You might be wondering how I was able to put all the songs from the playlist in the post? Spotify still hasn’t got an API, so my plan was to actually build it by hand. I first tried to mark all the songs in the playlist and CTRL-C/APPLE-C them, but instead of a lovely list of artist and song names I got the http links to all the tracks, so there went that idea. But to my amasement something magic happened when I posted all the urls into Textedit on my macbook! All the urls got transformed into clickable links automatically! All I had to do was save the Textedit document as html and open it in my browser to test it, and it worked like a charm! Just a view source and a copy paste away from this blog post! (I believe the Spotify software needs to be running when you do this).
If you want to copy the nice Spotify URI direct links instead of the HTTP links you have to select all the songs in your list, the right click and choose “Copy Spotify URI”.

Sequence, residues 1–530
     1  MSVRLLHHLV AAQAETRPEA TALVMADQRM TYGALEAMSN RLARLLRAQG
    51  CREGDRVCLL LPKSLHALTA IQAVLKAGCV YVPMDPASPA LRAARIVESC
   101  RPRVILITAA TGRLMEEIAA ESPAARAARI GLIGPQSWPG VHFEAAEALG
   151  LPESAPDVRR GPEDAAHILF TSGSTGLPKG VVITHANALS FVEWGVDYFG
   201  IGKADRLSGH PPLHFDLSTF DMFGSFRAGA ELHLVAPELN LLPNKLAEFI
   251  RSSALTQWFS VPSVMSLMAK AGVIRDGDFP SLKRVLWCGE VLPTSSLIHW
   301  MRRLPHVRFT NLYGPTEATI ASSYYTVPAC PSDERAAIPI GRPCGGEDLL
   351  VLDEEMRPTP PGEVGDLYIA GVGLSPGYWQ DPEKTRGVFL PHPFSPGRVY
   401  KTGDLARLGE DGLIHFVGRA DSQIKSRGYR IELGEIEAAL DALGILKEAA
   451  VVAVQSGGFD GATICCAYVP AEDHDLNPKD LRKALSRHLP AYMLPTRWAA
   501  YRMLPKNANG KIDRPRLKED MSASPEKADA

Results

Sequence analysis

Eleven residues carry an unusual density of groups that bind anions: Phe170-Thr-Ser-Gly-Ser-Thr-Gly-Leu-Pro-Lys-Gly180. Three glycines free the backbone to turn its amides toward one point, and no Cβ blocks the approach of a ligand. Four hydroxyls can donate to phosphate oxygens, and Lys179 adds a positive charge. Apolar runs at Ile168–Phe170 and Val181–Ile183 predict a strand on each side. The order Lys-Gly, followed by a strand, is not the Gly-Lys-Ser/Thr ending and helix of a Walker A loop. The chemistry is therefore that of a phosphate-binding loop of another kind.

There are alread plenty of sites where you can share your Spotify playlists, and when those can access a proper API I believe great things will happen. Spotify is already a fantastic product. When people can start adding cool stuff it will explode!
First off I just want to say that I think this is probably NOT a very good idea, but I downloaded the Timelope extension for firefox today, that basically publishes every single webpage you visit to timelope.com and as an rss.
Smart? No, maybe not, but kind of fun!
Some people would probably say that publishing every singe page you visit on the web as kind of overkill, and also a sliiiiight security nightmare, and both are probably correct, but is just so darn cool to have!
On a more serious note: It is also a good reminder of just how much information you leave behind while surfing. Perhaps you can even change some habits? Think: If it aint safe to show on the web for all to see, then perhaps it’s not very good for your brain eighter!